Let us begin!
Sue S has a new romance novel that she is rabid for. “Let’s face it, it’s a fact, heroes are my weakness. It's also a fact that for this week’s You Are What You Read it is the title of the book I devoured in 2 evenings. Heroes Are My Weakness by Susan Elizabeth Phillips is the story of a young woman, a down-on-her-luck ventriloquist, who has to stay 60 consecutive days on an island in a cottage once owned by her deceased mother or risk losing it. She comes to find that a reclusive writer, Theo Harp, who writes chilling horror novels, is also staying on the island. Annie and Theo (who I found to be as broody as Heathcliff from Wuthering Heights) have a past and now they're trapped together on a snowy island off the coast of Maine. Annie’s inner voice and those of her puppets is warning her that Theo is trouble and that she should stay way. But it’s Annie's heart that is the real trouble maker when it starts telling her he has changed. Only time will tell who Annie should really listen to! This book will definitely get rid of the chill on a cold day!”
Amanda is heating up her fall with the sizzling new eBook, A Good Debutante’s Guide to Ruin by Sophie Jordan. “This book first comes with a warning: the lovers are stepsiblings. However, as shocking as this may be to us, fans of historical romance know that stepsibling romance is only unseemly and not all that bad. The hero, Decian, was thrown out of his home 10 years ago. His stepsister, Rosalie, was sent away to school and left there. Now Decian’s father is dead and Rosalie has been unceremoniously dropped on his doorstep after overstaying her welcome at school. Will Decian be able to forgive Rosalie the sin of being her mother’s daughter? And to what lengths will Rosalie go to discover herself before being forced into marriage with a stranger? This book is a marvelous quick read and one of the most scandalous things I’ve ever read. I can’t wait to read the next book in the series which alas – has not been announced yet.”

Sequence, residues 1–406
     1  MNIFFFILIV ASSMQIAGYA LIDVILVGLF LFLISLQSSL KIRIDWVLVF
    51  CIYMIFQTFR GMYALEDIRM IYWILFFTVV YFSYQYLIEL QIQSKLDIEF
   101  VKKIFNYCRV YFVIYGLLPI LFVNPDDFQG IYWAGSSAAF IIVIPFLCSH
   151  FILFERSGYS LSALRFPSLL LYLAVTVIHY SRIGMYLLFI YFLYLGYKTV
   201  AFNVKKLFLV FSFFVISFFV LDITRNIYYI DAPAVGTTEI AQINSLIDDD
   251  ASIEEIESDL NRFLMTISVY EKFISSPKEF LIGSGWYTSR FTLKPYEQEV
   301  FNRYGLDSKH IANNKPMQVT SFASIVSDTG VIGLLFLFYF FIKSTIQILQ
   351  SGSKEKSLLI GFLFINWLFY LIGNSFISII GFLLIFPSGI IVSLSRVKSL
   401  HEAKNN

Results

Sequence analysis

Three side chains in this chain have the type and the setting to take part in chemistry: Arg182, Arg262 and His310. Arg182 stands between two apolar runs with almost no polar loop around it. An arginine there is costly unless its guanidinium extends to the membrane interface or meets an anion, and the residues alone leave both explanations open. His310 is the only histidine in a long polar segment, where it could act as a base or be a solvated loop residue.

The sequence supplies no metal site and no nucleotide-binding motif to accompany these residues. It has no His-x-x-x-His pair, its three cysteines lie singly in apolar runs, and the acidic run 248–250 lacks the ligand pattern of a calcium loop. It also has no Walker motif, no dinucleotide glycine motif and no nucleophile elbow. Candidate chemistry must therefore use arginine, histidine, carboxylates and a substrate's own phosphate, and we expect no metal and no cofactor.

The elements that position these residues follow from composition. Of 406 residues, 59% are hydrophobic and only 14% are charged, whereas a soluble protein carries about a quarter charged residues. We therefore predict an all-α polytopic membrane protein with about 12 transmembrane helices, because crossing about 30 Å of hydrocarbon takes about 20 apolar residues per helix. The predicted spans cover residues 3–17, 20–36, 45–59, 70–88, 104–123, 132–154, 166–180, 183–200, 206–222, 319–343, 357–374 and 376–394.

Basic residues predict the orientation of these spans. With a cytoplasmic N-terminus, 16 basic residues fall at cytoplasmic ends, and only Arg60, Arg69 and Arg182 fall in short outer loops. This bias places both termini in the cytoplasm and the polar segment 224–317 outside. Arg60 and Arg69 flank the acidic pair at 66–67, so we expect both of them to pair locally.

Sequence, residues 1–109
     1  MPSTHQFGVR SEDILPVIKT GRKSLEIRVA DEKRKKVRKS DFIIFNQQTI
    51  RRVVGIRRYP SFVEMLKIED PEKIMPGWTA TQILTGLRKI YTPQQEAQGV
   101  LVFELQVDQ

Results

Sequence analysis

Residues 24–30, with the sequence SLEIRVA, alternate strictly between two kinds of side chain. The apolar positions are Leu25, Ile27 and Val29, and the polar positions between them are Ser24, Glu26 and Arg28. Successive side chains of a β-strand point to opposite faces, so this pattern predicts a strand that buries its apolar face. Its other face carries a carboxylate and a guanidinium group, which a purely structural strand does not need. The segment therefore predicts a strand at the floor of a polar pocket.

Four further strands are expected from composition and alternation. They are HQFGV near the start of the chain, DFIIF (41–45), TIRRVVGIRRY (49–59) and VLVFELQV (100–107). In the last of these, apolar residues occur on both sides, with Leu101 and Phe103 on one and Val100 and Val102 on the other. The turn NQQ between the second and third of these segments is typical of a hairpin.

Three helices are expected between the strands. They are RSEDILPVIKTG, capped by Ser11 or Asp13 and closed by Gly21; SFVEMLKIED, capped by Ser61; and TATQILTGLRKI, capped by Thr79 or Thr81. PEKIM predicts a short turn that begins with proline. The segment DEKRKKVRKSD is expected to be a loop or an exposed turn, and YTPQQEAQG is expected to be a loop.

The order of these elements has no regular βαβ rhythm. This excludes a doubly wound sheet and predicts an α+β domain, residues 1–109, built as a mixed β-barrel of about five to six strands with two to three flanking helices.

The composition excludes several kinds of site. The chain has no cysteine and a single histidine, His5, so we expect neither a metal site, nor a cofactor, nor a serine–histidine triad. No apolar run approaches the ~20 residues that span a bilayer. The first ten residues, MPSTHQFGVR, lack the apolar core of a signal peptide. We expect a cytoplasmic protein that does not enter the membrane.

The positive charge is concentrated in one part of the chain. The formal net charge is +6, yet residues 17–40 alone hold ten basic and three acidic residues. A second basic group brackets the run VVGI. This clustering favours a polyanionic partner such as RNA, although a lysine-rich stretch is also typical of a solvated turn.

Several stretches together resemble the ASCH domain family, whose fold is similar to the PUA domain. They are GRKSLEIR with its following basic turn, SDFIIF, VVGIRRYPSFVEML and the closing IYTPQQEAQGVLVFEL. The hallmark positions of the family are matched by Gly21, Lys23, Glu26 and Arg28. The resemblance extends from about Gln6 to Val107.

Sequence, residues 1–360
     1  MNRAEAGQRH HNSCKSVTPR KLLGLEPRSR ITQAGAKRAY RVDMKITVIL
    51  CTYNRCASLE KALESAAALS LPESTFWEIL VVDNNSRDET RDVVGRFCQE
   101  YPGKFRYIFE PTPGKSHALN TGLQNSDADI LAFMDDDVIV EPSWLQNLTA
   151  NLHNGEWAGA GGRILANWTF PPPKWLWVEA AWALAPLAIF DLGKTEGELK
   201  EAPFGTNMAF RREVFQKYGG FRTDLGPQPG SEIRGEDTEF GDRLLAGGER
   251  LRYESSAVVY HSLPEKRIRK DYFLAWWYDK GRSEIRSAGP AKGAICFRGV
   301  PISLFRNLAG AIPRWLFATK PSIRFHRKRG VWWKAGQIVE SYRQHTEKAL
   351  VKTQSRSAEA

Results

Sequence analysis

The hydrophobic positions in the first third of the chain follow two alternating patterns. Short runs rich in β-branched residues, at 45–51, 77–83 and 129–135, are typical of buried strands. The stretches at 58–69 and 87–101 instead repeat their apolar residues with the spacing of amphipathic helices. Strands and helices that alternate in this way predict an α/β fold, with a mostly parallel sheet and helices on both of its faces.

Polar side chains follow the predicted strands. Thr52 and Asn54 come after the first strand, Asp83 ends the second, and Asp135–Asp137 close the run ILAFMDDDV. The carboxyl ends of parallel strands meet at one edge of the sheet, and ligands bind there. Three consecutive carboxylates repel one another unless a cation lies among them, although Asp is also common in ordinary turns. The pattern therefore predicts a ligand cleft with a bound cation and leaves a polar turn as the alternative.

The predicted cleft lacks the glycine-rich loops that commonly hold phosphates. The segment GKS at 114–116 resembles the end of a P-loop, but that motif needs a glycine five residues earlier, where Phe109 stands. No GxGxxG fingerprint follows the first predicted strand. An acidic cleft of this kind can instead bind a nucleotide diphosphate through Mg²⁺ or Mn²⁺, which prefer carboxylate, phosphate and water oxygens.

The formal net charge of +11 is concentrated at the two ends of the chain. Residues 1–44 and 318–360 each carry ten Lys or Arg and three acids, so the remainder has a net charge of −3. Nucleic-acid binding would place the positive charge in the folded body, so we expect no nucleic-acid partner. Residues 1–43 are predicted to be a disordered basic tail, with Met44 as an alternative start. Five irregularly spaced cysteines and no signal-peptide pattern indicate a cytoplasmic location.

Pat T has taken a suggestion to heart this week. “A patron suggested I read Dear Committee Members by Julie Schumacher. She said, ‘I know you don't like epistolary style books, but I promise this book is laugh out loud funny.’ And she's right! Jason Fitger is a creative writing professor at a small Midwest college and he is always called upon by the students to write letters of recommendation on their behalf. Jason's once promising writing career is in a downward spiral, he wreaked havoc on his personal life by disclosing his private affairs in his novels and he is in rivalries with the other college departments because they are better funded. This and more is detailed in this hilarious, clever and passive aggressive letters of recommendation. Sit down, put your feet up and enjoy this humorous read!”
Sweet Ann has just finished The Children Act by Ian McEwan. “This short read kept me engaged from the first page to the last. Judge Fiona Maye presides over family cases that are heart wrenching. The novel centers on the case of an eighteen year old boy who is a Jehovah's Witness and needs a blood transfusion to survive his cancer. The boy is strong in his beliefs and he and Fiona form quite a bond after she visits him in the hospital to help her determine her decision. Fiona is also having marital trouble. Is she too involved in her work or just dealing with her inability to ever have children? This novel makes you think about life choices we all have to make. It also makes you question how involved one should get in someone else's life. It is a great read and I also loved the novel Saturday by Mr. McEwan.”